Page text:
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Richard D. Davis v. Folsom Cordova Unified School District

IN THE UNITED STATES DISTRICT COURT FOR THE EASTERN DISTRICT OF CALIFORNIA


February 21, 2012

RICHARD D. DAVIS, III, PLAINTIFF,
v.
FOLSOM CORDOVA UNIFIED SCHOOL DISTRICT, ET AL., DEFENDANTS.

ORDER

This matter came before the court on August 26, 2011, for hearing of defendants' motion to dismiss plaintiff's amended complaint pursuant to Rule 12(b)(6) of the Federal Rules of Civil Procedure. Plaintiff Richard Davis, who is proceeding pro se in this action, appeared on his own behalf. Attorney Lynn Garcia appeared on behalf of defendants. Oral argument was heard, and defendants' motion was taken under submission.

Upon consideration of the briefing on file, the parties' arguments at the hearing, and the entire file, the court will grant defendants' motion to dismiss. However, in light of the plaintiff's pro se status and for the reasons set forth below, the court will also grant plaintiff leave to amend his complaint to attempt to state a cognizable claim.

BACKGROUND

Plaintiff commenced this action on May 9, 2011, by paying the required filing fee and filing his original complaint. (Doc. No. 1.) On June 3, 2011, before a responsive pleading had been filed, plaintiff filed an amended complaint. (Am. Compl. (Doc. No. 8.)) Therein, plaintiff alleges that defendant Folsom Cordova Unified School District, ("District"), and twelve individuals employed by the District, who are also named as defendants, discriminated and retaliated against plaintiff and his daughter with respect to his daughter's participation as a cheerleader at Vista del Lago High School.*fn1 The amended complaint alleges causes of action for retaliation under Title IX, violation of the Equal Protection Clause and Due Process Clauses of the Fourteenth Amendment and a First Amendment retaliation claim. (Id. at 1-2.*fn2

On June 27, 2011, counsel for defendants filed the motion to dismiss now pending before the court. (MTD (Doc. No. 18.)) Plaintiff filed his opposition on July 19, 2011, (Pl.'s Opp.'n (Doc. No. 20)), and defendants filed a reply on August 19, 2011. (Reply (Doc. No. 25.))

LEGAL STANDARDS APPLICABLE TO DEFENDANT'S MOTION

A motion to dismiss pursuant to Rule 12(b)(6) tests the sufficiency of the complaint. North Star Int'l v. Arizona Corp. Comm'n, 720 F.2d 578, 581 (9th Cir. 1983). Dismissal of the complaint, or any claim within it, "can be based on the lack of a cognizable legal theory or the absence of sufficient facts alleged under a cognizable legal theory." Balistreri v. Pacifica Police Dep't, 901 F.2d 696, 699 (9th Cir. 1990). See also Robertson v. Dean Witter Reynolds, Inc., 749 F.2d 530, 534 (9th Cir. 1984). Thus, the court may dismiss a complaint or any claim within it as frivolous where the claim is based on an indisputably meritless legal theory or where the factual contentions are clearly baseless. Neitzke v. Williams, 490 U.S. 319, 327 (1989). The critical inquiry is whether a claim, even if inartfully pleaded, has an arguable legal and factual basis. Jackson v. Arizona, 885 F.2d 639, 640 (9th Cir. 1989); Franklin v. Murphy, 745 F.2d 1221, 1227 (9th Cir. 1984). As the Supreme Court has explained, in order to state a claim on which relief may be granted, the plaintiff must allege "enough facts to state a claim to relief that is plausible on its face." Bell Atlantic Corp. v. Twombly, 550 U.S. 544, 570 (2007).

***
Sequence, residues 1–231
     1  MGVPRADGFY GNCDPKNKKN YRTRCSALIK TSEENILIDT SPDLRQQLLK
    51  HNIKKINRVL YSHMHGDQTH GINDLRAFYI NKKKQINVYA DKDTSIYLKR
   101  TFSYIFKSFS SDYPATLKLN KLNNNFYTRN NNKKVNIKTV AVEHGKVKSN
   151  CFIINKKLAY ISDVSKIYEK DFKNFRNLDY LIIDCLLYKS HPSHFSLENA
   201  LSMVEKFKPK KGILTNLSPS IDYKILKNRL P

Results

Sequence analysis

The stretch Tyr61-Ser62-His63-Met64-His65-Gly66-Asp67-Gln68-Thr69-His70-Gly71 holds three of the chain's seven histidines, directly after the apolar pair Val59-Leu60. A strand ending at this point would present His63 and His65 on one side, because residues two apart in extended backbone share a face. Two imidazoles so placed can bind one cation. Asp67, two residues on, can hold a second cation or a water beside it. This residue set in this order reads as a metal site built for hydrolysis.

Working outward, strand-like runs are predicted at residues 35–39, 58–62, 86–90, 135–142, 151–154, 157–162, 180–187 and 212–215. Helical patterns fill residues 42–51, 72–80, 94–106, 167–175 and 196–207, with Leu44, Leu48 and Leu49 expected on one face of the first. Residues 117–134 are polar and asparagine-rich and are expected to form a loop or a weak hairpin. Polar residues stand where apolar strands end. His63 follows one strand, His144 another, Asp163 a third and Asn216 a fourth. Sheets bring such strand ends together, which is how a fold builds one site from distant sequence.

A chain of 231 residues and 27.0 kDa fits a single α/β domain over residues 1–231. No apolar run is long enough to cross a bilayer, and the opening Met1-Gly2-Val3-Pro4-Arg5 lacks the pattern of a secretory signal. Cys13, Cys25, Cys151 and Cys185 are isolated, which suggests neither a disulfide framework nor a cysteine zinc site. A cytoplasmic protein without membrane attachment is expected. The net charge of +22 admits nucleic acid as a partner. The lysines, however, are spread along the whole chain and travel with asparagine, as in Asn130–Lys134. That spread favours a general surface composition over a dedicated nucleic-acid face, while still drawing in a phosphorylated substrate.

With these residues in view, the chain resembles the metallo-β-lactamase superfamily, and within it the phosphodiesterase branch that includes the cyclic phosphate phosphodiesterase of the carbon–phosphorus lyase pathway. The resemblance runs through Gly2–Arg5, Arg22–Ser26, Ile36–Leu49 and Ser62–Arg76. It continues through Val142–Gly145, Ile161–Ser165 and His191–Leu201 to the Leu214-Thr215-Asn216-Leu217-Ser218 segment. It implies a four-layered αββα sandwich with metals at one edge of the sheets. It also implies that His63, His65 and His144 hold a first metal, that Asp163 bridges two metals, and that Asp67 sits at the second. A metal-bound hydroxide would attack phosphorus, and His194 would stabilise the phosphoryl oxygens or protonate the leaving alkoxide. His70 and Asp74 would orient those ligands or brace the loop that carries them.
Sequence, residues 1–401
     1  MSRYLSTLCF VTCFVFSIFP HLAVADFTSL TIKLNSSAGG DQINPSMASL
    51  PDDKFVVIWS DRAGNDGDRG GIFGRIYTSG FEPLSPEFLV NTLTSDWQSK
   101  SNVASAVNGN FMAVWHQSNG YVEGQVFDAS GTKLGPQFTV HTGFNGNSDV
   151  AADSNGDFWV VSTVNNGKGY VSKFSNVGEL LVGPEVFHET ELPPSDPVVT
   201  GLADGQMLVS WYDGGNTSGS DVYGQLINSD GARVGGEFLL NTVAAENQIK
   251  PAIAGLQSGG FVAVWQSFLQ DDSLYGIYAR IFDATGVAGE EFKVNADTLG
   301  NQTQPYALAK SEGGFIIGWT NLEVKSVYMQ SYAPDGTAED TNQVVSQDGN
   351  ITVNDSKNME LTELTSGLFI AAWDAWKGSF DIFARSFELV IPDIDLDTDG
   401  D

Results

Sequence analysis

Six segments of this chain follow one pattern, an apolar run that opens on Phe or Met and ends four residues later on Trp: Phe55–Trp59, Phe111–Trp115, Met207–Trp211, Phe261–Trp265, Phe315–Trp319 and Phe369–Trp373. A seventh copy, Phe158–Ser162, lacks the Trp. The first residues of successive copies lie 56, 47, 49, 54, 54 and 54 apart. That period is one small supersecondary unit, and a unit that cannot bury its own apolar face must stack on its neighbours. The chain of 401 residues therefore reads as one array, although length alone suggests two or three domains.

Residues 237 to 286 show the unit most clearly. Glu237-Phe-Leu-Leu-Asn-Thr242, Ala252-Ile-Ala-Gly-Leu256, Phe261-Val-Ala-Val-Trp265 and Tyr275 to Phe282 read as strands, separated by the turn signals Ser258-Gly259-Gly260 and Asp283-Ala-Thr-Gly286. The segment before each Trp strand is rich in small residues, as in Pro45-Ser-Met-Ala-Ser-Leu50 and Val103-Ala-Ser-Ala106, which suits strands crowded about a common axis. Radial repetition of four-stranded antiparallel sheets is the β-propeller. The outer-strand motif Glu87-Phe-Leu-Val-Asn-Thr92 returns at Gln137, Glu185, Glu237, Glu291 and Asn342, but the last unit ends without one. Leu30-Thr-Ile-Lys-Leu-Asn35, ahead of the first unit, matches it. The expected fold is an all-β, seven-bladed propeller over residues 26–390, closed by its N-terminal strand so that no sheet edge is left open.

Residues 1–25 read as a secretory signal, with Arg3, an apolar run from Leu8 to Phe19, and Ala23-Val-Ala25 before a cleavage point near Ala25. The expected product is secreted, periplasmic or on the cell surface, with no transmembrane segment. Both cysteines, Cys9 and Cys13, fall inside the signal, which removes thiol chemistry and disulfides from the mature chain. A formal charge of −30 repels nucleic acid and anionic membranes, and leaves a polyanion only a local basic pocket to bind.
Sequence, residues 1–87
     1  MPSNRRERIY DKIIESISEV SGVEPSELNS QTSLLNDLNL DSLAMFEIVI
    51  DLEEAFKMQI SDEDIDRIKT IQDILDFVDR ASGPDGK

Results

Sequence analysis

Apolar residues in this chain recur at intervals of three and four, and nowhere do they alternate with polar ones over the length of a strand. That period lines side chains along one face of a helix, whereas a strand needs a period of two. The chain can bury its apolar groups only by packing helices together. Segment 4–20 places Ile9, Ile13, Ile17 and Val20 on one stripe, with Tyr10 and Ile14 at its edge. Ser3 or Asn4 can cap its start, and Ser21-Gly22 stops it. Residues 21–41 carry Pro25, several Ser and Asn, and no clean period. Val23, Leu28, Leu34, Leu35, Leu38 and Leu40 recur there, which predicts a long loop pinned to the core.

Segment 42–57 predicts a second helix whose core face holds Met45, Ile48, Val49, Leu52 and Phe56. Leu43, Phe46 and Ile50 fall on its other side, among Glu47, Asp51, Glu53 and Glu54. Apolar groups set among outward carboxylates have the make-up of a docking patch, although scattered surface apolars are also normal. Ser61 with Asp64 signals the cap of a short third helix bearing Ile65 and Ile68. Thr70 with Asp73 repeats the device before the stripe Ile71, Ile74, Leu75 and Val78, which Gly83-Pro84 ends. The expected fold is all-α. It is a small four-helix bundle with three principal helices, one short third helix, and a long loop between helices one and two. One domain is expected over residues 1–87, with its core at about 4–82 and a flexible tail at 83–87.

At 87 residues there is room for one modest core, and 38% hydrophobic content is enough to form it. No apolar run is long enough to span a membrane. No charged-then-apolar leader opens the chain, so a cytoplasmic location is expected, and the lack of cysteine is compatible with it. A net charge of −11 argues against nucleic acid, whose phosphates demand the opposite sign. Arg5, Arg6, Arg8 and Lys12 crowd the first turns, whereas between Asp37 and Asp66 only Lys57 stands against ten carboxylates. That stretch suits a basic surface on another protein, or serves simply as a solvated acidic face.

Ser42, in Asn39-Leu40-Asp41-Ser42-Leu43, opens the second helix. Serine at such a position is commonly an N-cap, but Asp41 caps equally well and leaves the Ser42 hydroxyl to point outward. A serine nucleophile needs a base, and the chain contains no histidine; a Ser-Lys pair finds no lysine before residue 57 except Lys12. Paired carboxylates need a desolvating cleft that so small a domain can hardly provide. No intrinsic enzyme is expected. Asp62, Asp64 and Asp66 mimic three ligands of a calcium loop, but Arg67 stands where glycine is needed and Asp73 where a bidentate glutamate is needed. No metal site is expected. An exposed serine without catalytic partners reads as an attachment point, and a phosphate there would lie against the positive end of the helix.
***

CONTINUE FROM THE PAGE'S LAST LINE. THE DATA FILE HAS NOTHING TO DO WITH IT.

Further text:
In determining whether a complaint states a claim, the court accepts as true the material allegations in the complaint and construes those allegations, as well as the reasonable inferences that may be drawn from them, in the light most favorable to the plaintiff. Erickson v. Pardus, 551 U.S. 89, 94 (2007); Hishon v. King & Spalding, 467 U.S. 69, 73 (1984); Hosp. Bldg. Co. v. Trustees of Rex Hosp., 425 U.S. 738, 740 (1976); Love v. United States, 915 F.2d 1242, 1245 (9th Cir. 1989). For purposes of a motion to dismiss, the court also resolves doubts in the plaintiff's favor. Jenkins v. McKeithen, 395 U.S. 411, 421 (1969).

Pro se pleadings are held to a less stringent standard than those drafted by lawyers. Haines v. Kerner, 404 U.S. 519, 520 (1972). However, the court may disregard allegations in the complaint that are contradicted by facts established by exhibits attached to the complaint. Durning v. First Boston Corp., 815 F.2d 1265, 1267 (9th Cir. 1987). In addition, the court need not accept as true conclusory allegations, unreasonable inferences, or unwarranted deductions of fact. Western Mining Council v. Watt, 643 F.2d 618, 624 (9th Cir. 1981).

ANALYSIS

I. Rule 8

The minimum requirements for a civil complaint in federal court are as follows: A pleading which sets forth a claim for relief . . . shall contain (1) a short and plain statement of the grounds upon which the court's jurisdiction depends . . . , (2) a short and plain statement of the claim showing that the pleader is entitled to relief, and (3) a demand for judgment for the relief the pleader seeks.

Fed. R. Civ. P. 8(a).